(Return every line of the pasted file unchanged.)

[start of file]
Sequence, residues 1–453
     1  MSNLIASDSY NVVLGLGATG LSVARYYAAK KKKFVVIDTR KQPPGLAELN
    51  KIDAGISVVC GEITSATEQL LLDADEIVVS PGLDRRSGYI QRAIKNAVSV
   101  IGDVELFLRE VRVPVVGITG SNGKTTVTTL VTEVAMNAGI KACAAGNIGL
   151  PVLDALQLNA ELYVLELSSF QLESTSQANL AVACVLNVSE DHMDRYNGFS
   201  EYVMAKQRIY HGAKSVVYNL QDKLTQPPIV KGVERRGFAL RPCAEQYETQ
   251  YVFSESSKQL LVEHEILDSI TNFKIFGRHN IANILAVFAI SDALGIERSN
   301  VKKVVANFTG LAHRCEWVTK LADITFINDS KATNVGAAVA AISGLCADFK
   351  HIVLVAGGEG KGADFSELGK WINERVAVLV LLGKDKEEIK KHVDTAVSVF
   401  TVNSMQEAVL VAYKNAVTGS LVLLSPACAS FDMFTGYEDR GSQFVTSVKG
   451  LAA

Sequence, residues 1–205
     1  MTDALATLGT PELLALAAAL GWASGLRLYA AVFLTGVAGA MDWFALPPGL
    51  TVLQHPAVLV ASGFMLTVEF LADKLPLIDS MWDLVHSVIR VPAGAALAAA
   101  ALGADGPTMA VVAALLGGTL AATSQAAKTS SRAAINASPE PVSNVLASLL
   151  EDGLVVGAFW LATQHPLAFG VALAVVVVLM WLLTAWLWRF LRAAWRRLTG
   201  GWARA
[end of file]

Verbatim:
Sequence, residues 1–453
     1  MSNLIASDSY NVVLGLGATG LSVARYYAAK KKKFVVIDTR KQPPGLAELN
    51  KIDAGISVVC GEITSATEQL LLDADEIVVS PGLDRRSGYI QRAIKNAVSV
   101  IGDVELFLRE VRVPVVGITG SNGKTTVTTL VTEVAMNAGI KACAAGNIGL
   151  PVLDALQLNA ELYVLELSSF QLESTSQANL AVACVLNVSE DHMDRYNGFS
   201  EYVMAKQRIY HGAKSVVYNL QDKLTQPPIV KGVERRGFAL RPCAEQYETQ
   251  YVFSESSKQL LVEHEILDSI TNFKIFGRHN IANILAVFAI SDALGIERSN
   301  VKKVVANFTG LAHRCEWVTK LADITFINDS KATNVGAAVA AISGLCADFK
   351  HIVLVAGGEG KGADFSELGK WINERVAVLV LLGKDKEEIK KHVDTAVSVF
   401  TVNSMQEAVL VAYKNAVTGS LVLLSPACAS FDMFTGYEDR GSQFVTSVKG
   451  LAA

Sequence, residues 1–205
     1  MTDALATLGT PELLALAAAL GWASGLRLYA AVFLTGVAGA MDWFALPPGL
    51  TVLQHPAVLV ASGFMLTVEF LADKLPLIDS MWDLVHSVIR VPAGAALAAA
   101  ALGADGPTMA VVAALLGGTL AATSQAAKTS SRAAINASPE PVSNVLASLL
   151  EDGLVVGAFW LATQHPLAFG VALAVVVVLM WLLTAWLWRF LRAAWRRLTG
   201  GWARA